An apostrophe (’) is used to create possessive forms, contractions and some plural forms. It indicates where the letter has been omitted.
I am = I’m
He’s = he is
They’re = they are
Do not = don’t
I’d = I would or I had
She would have failed. = She would’ve failed.
Contracted forms are not considered appropriate in formal writing. However, it is basically a matter of personal choice.
Before writing contractions in a paper that is going to be graded, you should ask your tutor whether it is appropriate to include them in your writing.
Apostrophes are used in writing possessives.
While writing possessives, the position of the apostrophe depends on whether the noun is singular or plural.
If the noun is singular, the apostrophe goes before the –s. Example: the girl’s parents
If the noun is plural, the apostrophe usually goes after the –s. Example: the girls’ parents
If the plural form of the noun does not end in –s, the apostrophe goes before the –s. Example: the men’s hostel
You can also create possessive forms with of. In this case, no apostrophes are used.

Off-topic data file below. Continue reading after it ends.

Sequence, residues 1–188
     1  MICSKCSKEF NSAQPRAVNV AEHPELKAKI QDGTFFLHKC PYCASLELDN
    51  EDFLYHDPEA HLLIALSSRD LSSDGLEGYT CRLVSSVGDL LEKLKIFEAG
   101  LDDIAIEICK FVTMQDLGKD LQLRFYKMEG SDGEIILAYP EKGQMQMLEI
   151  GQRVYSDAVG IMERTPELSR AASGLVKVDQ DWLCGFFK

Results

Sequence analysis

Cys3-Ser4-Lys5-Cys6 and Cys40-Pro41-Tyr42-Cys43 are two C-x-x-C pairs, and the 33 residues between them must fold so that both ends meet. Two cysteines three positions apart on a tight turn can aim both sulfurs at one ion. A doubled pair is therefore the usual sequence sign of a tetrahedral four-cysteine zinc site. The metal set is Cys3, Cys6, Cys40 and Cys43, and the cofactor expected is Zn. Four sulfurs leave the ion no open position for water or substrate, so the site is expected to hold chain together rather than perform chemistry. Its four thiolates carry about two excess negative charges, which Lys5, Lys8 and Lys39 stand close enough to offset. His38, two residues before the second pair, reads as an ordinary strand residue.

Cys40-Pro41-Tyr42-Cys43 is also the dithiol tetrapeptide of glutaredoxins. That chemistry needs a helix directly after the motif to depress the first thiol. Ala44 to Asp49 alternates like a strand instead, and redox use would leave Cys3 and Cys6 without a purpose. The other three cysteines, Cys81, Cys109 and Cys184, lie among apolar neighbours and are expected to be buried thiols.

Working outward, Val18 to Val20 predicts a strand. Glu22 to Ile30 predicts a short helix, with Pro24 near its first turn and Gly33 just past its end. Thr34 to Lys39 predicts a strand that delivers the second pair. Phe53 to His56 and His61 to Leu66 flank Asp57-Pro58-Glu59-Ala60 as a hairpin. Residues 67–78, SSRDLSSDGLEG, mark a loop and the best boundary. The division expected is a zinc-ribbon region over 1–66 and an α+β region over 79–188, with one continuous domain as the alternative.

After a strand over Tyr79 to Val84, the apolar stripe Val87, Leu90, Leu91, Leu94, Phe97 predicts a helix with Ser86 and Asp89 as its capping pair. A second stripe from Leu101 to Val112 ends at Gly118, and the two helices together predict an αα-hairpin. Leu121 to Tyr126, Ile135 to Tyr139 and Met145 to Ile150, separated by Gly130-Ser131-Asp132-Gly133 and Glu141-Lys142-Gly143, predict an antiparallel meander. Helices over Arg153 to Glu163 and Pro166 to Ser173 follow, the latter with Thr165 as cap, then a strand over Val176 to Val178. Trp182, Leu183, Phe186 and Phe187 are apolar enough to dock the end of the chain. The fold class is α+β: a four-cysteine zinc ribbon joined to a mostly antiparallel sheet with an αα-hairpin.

- A friend of mine works abroad.
The words its and it’s are often confused.
Its is a possessive word.
- The dog wagged its tail.
It’s means it is or it has.
- It’s your book. (= It is your book.)
- It’s stopped raining. (= It has stopped raining.)
They’re and their
These two expressions are also confused.
They’re means they are. Their is a possessive word.
They took their children along.
- They’re waiting for us. (= They are waiting for us.)
‘There are’ does not have an appropriate contracted form.
An apostrophe is also used to form the plurals of letters and digits. This is particularly common when the letters are written in the small case.
- Mind your p’s and q’s.
- She got 4 a’s this term.
Apostrophes are no longer used to form plurals of years.
- Example: 1990s (more natural than 1990’s)